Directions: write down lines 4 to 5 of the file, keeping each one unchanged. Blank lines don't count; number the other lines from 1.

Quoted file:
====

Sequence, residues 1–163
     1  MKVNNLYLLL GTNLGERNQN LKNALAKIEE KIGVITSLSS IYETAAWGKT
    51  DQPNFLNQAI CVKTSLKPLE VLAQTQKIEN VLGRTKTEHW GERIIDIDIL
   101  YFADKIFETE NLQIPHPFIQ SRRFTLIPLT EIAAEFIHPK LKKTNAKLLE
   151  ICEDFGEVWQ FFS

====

   101  YFADKIFETE NLQIPHPFIQ SRRFTLIPLT EIAAEFIHPK LKKTNAKLLE
   151  ICEDFGEVWQ FFS